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Publisher's Summary

Celebrated for her courageous exploits as a conductor on the Underground Railroad, Harriet Tubman has entered history as one of 19th-century America's most enduring and important figures. But just who was this remarkable woman? To John Brown, leader of the Harpers Ferry slave uprising, she was General Tubman. For the many slaves she led north to freedom, she was Moses. To the slaveholders who sought her capture, she was a thief and a trickster. To abolitionists, she was a prophet. Now, in a biography widely praised for its impeccable research and its compelling narrative, Harriet Tubman is revealed for the first time as a singular and complex character, a woman who defied simple categorization.
©2017 Catherine Clinton (P)2017 Hachette Audio
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Customer Reviews

Most Helpful
5 out of 5 stars
By Brandi S. Garner on 08-22-17

very informative!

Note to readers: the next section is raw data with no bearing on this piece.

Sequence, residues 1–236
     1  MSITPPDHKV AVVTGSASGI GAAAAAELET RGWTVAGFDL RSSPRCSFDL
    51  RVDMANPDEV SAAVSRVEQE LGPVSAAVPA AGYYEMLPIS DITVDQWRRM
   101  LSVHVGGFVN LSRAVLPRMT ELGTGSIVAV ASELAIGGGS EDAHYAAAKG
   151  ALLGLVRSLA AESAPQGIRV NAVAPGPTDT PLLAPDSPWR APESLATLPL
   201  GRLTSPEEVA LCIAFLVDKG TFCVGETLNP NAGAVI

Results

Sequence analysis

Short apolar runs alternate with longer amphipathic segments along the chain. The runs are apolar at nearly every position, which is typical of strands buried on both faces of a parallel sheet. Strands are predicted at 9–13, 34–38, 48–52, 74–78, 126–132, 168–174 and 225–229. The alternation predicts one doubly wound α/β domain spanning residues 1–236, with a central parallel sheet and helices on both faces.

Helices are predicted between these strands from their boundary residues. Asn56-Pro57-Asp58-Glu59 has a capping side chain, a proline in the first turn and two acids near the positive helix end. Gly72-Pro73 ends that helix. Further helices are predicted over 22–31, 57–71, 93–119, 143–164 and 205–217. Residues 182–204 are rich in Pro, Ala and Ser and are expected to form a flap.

I learned so much! She's definitely my Shero! I had no idea she did ALL the things she did outside of freeing slaves. She did so much humanitarian things, advocating for the indigent, women suffrage rights, served her Country in the military, etc!

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1 of 1 people found this review helpful

2 out of 5 stars
By KMS on 07-11-18

Returning this book

First, white authors need to stay out of Black spaces. And that is clear in this case. What we know to be rape perpetrated by whites against Black enslaved women and girls, this author calls “coupling.” After describing back breaking work Ms Tubman was forced into, this author says Ms Tubman came to enjoy the physical exertion. I’m skeptical. I can’t imagine an enslaved person coming to enjoy back breaking work. Sometimes people adapt to terrible conditions in order to survive. After I heard the phrase “hired out” a half dozen times, I was done. Enslaved persons were not employees.
They weren’t *hired* by anyone.

At the same time, this author describes the terrible conditions well. I’m confused by her language choices and I think those choices matter.

I am returning this book and I will find a biography that doesn’t diminish any part of slavery

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